Start writing a post

Why Jesy Nelson's empowering decision to leave Little Mix is important

Jesy's announcement is an important and timely reminder for anyone who has struggled with their mental health.

Why Jesy Nelson's empowering decision to leave Little Mix is important

Jesy Nelson attends the National Television Awards 2020 at The O2 Arena on January 28, 2020 in London, England.

Photo by Gareth Cattermole/Getty Images
Abi is a Londoner working in Communications. She is passionate about advocating for inclusivity and equality. Interests include city life, politics and fashion.

Last week, after nine years as part of the world's biggest girl group, who made history by becoming the first group to win The X Factor, Jesy Nelson announced she had left Little Mix.

Throughout her career, Nelson has been subject to a torrent of vile abuse, all of which hinged on highlighting how different she is from the other members of Little Mix.

Last year, Nelson released a heart-wrenching documentary, Odd One Out, which detailed the years of cruelty she has been subjected to by online trolls, leading her to make an attempt on her own life. She revealed the devastating impact the attacks have had on her mental health.

The documentary struck a chord with viewers who felt Nelson had raised an issue that isn't talked about enough – social media and its implicit connections to debilitating mental health conditions. She met the family of a young girl who had taken her own life due to the way she was treated online and the relentless cyber-bullying she was at the mercy of. Nelson's visceral reaction to the family's ordeal created an instant connection between her and millions of viewers at home. Suddenly, she wasn't a global pop star; she was an innocent person who had become yet another target for this form of abuse.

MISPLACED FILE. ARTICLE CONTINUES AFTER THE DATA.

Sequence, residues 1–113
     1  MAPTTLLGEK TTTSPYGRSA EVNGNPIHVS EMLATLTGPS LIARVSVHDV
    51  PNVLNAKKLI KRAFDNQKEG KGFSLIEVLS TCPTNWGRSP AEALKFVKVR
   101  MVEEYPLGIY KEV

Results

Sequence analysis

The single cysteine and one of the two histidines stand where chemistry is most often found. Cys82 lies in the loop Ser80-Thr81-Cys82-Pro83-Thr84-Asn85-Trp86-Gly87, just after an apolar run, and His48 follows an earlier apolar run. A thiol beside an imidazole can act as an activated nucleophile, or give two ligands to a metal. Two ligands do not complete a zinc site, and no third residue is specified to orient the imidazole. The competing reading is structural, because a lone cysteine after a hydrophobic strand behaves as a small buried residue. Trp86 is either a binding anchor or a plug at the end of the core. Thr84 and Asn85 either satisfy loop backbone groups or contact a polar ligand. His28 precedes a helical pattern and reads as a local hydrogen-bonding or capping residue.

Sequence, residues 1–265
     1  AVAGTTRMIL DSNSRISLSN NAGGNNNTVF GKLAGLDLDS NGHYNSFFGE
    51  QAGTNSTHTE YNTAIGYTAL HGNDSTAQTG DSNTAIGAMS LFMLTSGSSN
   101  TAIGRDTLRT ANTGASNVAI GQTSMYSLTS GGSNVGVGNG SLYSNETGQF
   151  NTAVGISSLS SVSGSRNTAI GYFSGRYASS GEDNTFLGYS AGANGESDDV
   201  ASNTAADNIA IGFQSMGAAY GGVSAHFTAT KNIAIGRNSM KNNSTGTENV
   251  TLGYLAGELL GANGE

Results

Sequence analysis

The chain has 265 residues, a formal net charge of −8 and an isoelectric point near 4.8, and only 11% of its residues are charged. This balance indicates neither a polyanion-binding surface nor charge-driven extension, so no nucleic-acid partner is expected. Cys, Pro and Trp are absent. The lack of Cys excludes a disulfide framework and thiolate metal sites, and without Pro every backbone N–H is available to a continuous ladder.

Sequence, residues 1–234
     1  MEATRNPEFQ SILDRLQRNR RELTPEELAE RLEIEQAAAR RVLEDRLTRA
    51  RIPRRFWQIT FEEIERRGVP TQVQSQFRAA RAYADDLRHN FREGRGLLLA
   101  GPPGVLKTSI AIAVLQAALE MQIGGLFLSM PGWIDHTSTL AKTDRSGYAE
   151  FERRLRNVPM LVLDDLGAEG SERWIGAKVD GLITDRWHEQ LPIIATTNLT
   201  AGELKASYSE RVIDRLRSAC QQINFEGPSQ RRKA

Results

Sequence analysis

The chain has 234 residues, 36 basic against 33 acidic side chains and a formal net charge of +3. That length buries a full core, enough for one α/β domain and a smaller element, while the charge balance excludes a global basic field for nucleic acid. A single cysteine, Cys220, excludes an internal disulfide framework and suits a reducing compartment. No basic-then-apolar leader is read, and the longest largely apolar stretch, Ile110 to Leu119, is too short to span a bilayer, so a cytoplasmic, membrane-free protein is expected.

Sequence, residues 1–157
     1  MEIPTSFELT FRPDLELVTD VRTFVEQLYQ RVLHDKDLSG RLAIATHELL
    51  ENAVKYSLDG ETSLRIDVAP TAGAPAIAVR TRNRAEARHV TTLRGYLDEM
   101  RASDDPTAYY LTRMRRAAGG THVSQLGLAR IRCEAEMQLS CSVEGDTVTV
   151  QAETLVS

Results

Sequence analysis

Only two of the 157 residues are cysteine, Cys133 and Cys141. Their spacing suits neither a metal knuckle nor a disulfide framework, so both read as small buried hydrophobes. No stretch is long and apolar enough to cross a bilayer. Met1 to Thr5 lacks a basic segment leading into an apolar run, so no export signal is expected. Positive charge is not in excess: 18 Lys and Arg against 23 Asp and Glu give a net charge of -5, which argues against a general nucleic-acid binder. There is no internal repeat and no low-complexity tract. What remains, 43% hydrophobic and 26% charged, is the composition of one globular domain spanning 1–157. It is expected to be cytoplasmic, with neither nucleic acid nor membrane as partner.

Nelson's willingness to share her struggles have been a lifeline for her young fans, who all too often face similar challenges. Little Mix has a large LGBTQ+ fanbase and worked to protect this community from the internet's harsh treatment. Her openness and honesty have created an environment in which she has empowered people to speak out and seek help for whatever they are going through.

However, fans were left shocked when, following the release of their sixth studio album, Confetti, Nelson absented herself from the group's promotional obligations, including performances and the final of their talent contest TV show, Little Mix: The Search. The reasons for her disappearance were kept relatively quiet, but, given her history, many loyal fans worried she was struggling again.

After weeks of the band appearing as a three-piece, Nelson shared an emotional announcement via Instagram explaining her difficult decision to leave the group. She explicitly referenced the toll being in the band had taken on her mental health and felt it would be the best decision to begin a new chapter.

READ: As a man, it's always okay to vent about your mental health issues

As a man, it's always okay to vent about your mental health